In this video I introduce the subject of contract law by exploring relational vs discrete contracts.
This video is about the equitable contractual remedy of specific performance. Specific reference to lease covenants are made.
Cases used: Rainbow Estates v Tokenhold 1998, Beswick v Beswick 1967, Co-operative v Argyll Stores 1998
Although, I used cases regarding leases they are still good demonstrations of when specific performance will be utilised in any contract.
In this video I introduce the legal concept of a trust by addressing the following questions:
1. What is a trust? Why is preferred over a contractual arrangement?
2. How can one create a trust?
3. What are the essential elements of a trust?
4. What is the moral basis of a trust? And is it still relevant today?
Please find written notes below.
Basics of trusts
What is a trust? Why is it preferred over contracts?
- A trust is a form of ownership which whereby the legal rights are separate to the equitable rights.
There are significant advantages to utilizing a trust mechanism over say a contractual arrangement which it is often compared too:
- If the property is sold by the trustee under a breach, the beneficiaries benefits would be overridden even though the third party knew all knew all along because of privity of contract. And the only way to solve this would be to make the beneficiary party to contracts between settlers and trustees.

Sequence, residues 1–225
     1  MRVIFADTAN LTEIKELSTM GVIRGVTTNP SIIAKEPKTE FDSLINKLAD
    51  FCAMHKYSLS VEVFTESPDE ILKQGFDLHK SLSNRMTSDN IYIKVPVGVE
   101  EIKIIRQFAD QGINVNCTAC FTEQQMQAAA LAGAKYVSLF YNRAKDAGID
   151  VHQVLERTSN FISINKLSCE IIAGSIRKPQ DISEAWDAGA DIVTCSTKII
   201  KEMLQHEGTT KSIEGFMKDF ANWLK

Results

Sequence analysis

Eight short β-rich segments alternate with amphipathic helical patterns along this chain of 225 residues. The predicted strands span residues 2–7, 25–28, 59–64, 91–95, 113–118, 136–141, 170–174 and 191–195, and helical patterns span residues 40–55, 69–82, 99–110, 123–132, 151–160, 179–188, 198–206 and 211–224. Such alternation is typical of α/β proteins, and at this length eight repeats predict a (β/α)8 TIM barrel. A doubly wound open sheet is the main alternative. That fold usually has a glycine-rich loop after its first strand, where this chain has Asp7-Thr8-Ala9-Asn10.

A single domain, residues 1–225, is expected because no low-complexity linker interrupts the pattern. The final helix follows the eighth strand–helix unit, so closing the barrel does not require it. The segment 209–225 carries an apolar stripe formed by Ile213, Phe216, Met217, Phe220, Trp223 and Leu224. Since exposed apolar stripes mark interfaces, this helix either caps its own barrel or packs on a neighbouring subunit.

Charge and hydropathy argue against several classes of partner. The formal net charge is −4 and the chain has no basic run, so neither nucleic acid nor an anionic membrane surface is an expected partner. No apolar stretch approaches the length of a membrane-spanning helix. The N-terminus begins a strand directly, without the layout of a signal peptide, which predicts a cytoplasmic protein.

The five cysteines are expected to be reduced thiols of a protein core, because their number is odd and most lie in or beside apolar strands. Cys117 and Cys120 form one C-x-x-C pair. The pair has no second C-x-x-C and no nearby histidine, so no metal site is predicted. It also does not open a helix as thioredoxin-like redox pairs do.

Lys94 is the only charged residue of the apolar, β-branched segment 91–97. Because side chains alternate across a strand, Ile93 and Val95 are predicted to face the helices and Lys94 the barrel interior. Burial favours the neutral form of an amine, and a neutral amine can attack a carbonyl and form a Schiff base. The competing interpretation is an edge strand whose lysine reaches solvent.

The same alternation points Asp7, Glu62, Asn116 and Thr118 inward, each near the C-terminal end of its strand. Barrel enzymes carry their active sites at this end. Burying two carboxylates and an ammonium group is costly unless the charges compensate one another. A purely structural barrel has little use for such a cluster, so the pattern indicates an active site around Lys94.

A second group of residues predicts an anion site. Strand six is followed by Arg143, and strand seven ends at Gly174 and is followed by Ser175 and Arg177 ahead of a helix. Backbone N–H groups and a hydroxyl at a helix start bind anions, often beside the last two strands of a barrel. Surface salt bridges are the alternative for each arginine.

- In a contract, yes the settlor could bring action against trustee but in a trust, the beneficiary can and this actually makes more sense as the whole purpose of the contract would be for the beneficiaries to benefit.
- There are situation such as ones where children are involved and those to benefit can’t enter contracts because they do not have the capacity to enter one.
What are the essential elements of a trust ?
- The three certainties:
(i) Certainty of intention, that the settlor intended to create a trust
(ii) Certainty of subject matter, what the trust property is and the quantum each beneficiary is to receive
(iii)Certainty of objects, who the beneficiaries are
2. Beneficiary principle – the trust must be designed for identifiable humans to benefit
3. Any formalities are complied with e.g. for the legal transfer of land a deed and registration is required
How do you create a trust?
- Either you transfer your property to a trustee
- You declare yourself as a trustee holding it for the benefit of another individual.
What is the moral basis of a trust and is it still relevant today?
The moral basis of a trust refers to a ‘confidence reposed in some other’ (Lord Chief Justify Coke), such a confidence gives rise to moral obligation and this has given rise to legal principles.
Essentially, the moral basis is still important today because it goes someway in explaining fiduciary duties which are imposed on trustees.